CeCe Winans, reacting to backlash, says role in Trump COVID-19 ad blitz is ‘not political at all’
Celebrities from CeCe Winans to Dennis Quaid were cast in a White House ad blitz to tout health safety, but questions arise over the politically convenient timing of the campaign
The Trump Administration has been enlisting celebrities for a series of advertisements seeking to reassure citizens as the nation continues to grapple with the coronavirus pandemic.
Among the celebrities chosen is gospel legend CeCe Winans, and fans are not happy about it.
As reported by Politico, the White House has tasked the Department of Health and Human Services (HHS) to create an ad campaign to address how the federal government has handled COVID-19, how to combat the virus and how to stay optimistic. About $250 million in taxpayer dollars is being used for the $300 million campaign as an effort to “defeat despair.”
The HHS has paired celebrities like The Parent Trap-actor Dennis Quaid with senior officials of the Trump administration in interviews for the ads. Winans was mentioned as one of the celebrities being interviewed for the campaign. Many fans were shocked to see the 12-time Grammy Award-winning gospel superstar participating in an ad campaign, ordered by President Donald Trump, and took to social media to express their disappointment.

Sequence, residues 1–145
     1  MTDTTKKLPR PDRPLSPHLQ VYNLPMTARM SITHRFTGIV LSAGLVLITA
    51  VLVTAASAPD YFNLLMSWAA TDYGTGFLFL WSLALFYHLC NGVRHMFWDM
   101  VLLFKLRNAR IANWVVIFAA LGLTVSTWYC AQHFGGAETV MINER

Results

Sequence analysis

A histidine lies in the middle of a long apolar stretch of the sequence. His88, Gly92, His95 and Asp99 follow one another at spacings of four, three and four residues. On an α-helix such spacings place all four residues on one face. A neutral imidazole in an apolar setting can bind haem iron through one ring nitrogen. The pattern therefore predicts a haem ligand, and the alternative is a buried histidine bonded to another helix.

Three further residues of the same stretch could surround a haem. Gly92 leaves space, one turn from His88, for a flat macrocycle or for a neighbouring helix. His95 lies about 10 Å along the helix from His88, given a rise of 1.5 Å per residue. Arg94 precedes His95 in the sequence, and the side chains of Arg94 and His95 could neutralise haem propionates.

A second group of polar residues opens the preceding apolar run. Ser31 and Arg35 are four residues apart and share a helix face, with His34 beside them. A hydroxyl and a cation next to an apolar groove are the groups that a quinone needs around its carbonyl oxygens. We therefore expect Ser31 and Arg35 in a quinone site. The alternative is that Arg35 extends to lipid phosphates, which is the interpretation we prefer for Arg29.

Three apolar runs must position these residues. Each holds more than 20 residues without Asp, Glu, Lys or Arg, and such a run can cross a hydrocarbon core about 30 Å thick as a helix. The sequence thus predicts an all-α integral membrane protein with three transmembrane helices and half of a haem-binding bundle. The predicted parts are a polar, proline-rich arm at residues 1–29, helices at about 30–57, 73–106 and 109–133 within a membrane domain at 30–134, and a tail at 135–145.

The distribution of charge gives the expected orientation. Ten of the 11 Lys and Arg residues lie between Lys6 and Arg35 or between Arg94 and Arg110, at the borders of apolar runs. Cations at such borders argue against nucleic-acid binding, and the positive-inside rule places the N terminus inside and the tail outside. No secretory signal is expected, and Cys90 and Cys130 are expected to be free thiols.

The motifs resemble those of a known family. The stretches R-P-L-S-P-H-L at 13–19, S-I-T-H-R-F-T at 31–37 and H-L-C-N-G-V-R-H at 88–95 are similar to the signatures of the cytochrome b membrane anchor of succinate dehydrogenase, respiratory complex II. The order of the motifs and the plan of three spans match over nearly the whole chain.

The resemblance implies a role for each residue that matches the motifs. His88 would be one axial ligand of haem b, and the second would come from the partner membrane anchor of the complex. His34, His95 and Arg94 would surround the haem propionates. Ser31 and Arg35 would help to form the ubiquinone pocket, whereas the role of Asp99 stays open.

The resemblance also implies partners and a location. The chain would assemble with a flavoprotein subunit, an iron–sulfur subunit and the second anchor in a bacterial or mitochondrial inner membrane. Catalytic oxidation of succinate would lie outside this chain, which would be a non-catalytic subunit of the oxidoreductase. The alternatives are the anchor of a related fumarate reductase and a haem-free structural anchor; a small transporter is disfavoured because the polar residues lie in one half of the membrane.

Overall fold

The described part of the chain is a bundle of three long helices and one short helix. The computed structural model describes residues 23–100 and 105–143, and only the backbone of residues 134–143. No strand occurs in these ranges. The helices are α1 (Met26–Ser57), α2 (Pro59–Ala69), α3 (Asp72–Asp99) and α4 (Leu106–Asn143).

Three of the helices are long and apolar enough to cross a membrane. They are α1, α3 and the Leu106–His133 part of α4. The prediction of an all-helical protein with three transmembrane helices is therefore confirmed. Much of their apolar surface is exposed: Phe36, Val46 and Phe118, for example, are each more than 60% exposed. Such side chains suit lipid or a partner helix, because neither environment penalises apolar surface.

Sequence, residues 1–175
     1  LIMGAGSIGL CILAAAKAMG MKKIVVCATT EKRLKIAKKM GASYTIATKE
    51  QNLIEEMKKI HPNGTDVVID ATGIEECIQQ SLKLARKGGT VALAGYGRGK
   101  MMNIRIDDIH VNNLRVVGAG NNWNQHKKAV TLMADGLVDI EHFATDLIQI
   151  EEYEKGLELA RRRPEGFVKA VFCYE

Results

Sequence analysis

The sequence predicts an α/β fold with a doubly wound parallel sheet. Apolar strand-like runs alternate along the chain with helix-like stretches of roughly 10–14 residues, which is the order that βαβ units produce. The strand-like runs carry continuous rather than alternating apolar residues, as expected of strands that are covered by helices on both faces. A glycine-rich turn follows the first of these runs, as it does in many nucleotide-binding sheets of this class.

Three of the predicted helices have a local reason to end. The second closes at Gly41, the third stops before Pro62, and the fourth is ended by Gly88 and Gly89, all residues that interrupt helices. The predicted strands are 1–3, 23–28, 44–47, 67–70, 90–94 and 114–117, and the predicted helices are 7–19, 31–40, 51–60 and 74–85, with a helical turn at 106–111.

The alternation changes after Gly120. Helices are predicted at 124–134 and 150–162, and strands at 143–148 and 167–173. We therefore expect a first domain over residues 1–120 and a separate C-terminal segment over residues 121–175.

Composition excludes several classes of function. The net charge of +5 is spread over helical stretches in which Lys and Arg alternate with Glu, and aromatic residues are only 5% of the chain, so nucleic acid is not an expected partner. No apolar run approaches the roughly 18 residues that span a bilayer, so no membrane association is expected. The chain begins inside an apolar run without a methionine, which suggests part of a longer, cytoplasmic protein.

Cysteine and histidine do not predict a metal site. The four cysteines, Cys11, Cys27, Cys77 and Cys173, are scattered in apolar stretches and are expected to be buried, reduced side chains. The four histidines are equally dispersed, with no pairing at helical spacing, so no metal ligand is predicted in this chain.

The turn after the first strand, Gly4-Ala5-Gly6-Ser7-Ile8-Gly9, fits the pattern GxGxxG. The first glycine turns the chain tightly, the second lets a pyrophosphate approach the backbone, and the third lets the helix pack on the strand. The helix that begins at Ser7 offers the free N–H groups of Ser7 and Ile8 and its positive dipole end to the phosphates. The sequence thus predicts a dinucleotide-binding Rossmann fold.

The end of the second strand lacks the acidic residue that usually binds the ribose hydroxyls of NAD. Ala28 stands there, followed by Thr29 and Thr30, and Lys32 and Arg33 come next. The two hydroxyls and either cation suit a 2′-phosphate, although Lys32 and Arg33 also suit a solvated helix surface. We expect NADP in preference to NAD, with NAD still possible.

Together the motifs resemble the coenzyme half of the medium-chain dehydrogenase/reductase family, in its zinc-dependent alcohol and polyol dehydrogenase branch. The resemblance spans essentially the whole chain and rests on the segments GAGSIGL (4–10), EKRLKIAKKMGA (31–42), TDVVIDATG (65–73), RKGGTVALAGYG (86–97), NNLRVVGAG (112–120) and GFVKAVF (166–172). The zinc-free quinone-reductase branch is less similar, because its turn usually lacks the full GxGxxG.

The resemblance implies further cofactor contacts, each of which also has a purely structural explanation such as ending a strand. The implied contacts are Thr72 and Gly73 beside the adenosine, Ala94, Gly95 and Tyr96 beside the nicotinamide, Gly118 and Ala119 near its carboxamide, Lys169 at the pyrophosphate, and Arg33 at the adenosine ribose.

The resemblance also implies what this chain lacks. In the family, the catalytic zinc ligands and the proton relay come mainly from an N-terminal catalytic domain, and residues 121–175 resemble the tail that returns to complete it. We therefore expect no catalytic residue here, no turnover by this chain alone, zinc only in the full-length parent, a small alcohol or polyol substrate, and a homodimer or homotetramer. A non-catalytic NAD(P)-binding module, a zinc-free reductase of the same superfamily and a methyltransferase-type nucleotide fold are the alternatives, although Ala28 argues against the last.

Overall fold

After trending Friday night when the news hit, Winans posted a video statement about her participation in the ad on her Twitter account. In the video, she disclosed that she did indeed sit down with U.S. Surgeon General Jerome Adams to discuss the pandemic and explained to her followers that she acted with good intentions.
“I was asked a couple weeks ago to do an interview with the surgeon general, Jerome Adams, about the coronavirus, and this interview stresses how important it is for everyone to wear a mask and it also gives us other instructions on how to get on the other side of this pandemic,” Winans stated. “It was not political at all.”
“We have lost so many lives because of COVID-19. Let’s all do everything we can so we won’t lose any more,” she said before closing out the 40-second clip with “God bless you.”
The HHS plans on releasing the ads prior to the Nov. 3 election, which is just over a month away. The agency is seeking to retain country music singer Garth Brooks and Dr. Mehmet Oz to participate in the coronavirus ads as well.
News of the ad campaign was first reported in August, leading Democrats to investigate the expensive endeavor, seeing it as a tactic to boost Trump’s reelection odds. HHS public affairs official Mark Weber has refuted that the ad blitz is an attempt to garner votes for the president.
“There is no room for political spin in the messages and materials designed by HHS to help Americans make informed decisions about the prevention and treatment of Covid-19 and flu,” Weber stated.
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